Friday, July 26, 2013

The Snowball of Progress

That aspect of conservatism which is simply a disposition toward preservation gives rise to much consternation for both progressives and conservatives. On the one hand, conservatives in simply preserving the status quo must preserve what they do not actually approve. On the other hand, progressives must concede they too need a conservative disposition if they are to preserve progress. Ideology naturally determines just what each person wishes in particular to preserve, but testifying that disposition often trumps ideology is the fact that both sides wish to preserve nearly every political policy.

It is thus the position in 21st century America that we find ourselves in a state of legislative torpor, not due to a natural democratic deadlock, but the fact that we can't both infinitely preserve and progress everything. Everything which has been added to policy at the national level is sacrosanct. What was once added as an experiment or a measure for the moment is now eternal policy. Moreover, it no longer satisfies conservatives or progressives enough to conserve, for even reductions in the rate of increase are viewed as regress.

Of military matters, we went from debating the prudence of a standing army to mainstream politicians regarding as "dangerous" any upset to the surveillance state. Regarding economics we have failed WWII era planning still gumming up commerce and a near-century of the Federal Reserve presiding over the dollar's decline. If you want to End the Fed, though, then you're some crazy old cook. In education, academic perfection was attained for mankind back in the hoary antiquity of 1979. If you admit to skepticism of The Department of Education you might as well confess you want to grind up the Parthenon friezes.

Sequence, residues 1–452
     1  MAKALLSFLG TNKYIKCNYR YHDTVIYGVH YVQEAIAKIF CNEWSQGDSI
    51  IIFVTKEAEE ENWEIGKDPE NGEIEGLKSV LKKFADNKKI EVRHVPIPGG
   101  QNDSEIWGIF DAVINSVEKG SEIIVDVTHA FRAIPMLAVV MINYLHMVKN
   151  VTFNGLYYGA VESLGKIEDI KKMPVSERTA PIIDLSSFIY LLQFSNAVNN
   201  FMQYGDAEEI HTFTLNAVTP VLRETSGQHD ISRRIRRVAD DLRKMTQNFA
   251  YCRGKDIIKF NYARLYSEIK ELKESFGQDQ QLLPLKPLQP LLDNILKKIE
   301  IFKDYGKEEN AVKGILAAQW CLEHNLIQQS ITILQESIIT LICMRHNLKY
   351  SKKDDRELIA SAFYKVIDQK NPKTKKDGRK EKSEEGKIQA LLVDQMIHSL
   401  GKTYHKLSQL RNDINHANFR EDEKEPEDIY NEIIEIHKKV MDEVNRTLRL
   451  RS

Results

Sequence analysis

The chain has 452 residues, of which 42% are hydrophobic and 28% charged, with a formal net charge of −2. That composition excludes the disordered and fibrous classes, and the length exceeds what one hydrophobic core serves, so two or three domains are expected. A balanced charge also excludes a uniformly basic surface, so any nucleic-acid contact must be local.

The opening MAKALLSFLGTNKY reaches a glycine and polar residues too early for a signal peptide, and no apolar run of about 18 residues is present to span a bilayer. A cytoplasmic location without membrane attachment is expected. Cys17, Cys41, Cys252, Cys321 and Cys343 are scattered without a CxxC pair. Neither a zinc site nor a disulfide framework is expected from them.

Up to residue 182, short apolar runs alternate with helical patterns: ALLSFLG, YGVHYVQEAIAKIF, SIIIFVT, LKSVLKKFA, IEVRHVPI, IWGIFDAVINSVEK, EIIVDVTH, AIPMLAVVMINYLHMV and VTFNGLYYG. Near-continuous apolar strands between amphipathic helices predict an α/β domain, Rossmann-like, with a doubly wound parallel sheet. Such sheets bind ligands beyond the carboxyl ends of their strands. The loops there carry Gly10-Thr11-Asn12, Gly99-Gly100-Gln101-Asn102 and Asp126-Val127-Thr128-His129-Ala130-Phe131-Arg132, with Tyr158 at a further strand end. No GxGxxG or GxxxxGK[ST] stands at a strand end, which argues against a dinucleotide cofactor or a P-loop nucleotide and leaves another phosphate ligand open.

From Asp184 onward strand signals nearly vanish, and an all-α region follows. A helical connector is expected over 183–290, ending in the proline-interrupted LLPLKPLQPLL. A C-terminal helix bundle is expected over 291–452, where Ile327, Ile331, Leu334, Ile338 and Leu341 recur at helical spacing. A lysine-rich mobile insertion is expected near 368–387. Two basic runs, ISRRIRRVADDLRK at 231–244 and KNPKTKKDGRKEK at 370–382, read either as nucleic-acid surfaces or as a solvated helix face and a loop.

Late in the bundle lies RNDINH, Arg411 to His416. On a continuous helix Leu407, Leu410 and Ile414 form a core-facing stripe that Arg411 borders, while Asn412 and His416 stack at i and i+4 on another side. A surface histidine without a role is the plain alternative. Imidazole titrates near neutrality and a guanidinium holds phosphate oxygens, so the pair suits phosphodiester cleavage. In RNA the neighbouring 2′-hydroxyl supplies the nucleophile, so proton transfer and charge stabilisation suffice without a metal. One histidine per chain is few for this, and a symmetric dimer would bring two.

The irrational origins of the social services are as forgotten as the debates which surrounded their passage. They passed so they're permanent. Conserve progress. There's a telling line in the BBC television program Yes, Prime Minister in which the naive private secretary to the PM, Bernard, asks Civil Service chieftain Humphrey Applebee about the progressive schools:

Bernard: Surely progressive education was an experiment which ought to be validated?
Sir Humphrey: Yes, Bernard, but not in-validated!
Never mind whether they were needed at the time or now, never mind whether they worked at the time or now: we have the programs. They're permanent. Resistance is futile. The states as bastions of experimentation? Pfft! Every program's a winner! Between the people who believe they are necessary and those who actually use them, the programs are popular enough to prove invulnerable to protest. One can no more propose change to Social Security than one can propose to chip away at the Washington Monument. History has been written.

Without the creative destruction of a free market constantly reallocating scarce resources to where they are needed most at the moment, leviathan stomps along, following its antiquated map. The conservatives and progressives have succeeded, contra both conservatism and progressivism, in enslaving the present to the greatest fools of yesteryear, a mind-boggling fact which prompted the following summation from Chesterton:

The business of Progressives is to go on making mistakes. The business of the Conservatives is to prevent the mistakes from being corrected.
The result of programs accruing at such a rate and being administered on such a scale has had a twofold effect. The first is that the government has ceased to become a guarantor against aggression but a dispensary of rights with the Commander in Chief doubling as apothecary. The second result is clamor for the uses and services of the government even as its inefficiencies reduce the quality and availability of the product. The government has effectively crowded out both a marketplace of trade and the virtues of civil society. A fragment of Ennius describes the pernicious effect:

Cum debere carnufex cuiquam quicquam quemquam, quemque quisque conveniat, neget.
Since the rascal denies that anyone owes anything to anyone, let each one sue the other. 
To arrest the downward trajectory of commerce, politics, and civility, conservatives and progressives need to realize that neither disposition implies linear activity. Instead, both require prudent cultivation, a process always slow, often oblique, and varied with respect to person, place, technique, time, and tool. Not every good must find expression in government policy, and not every policy, even the good, need be permanent. The alternative is a Sisyphean punishment for both the foolishness of thinking politics permits the solution to all problems, and the hubris of believing you've found it.

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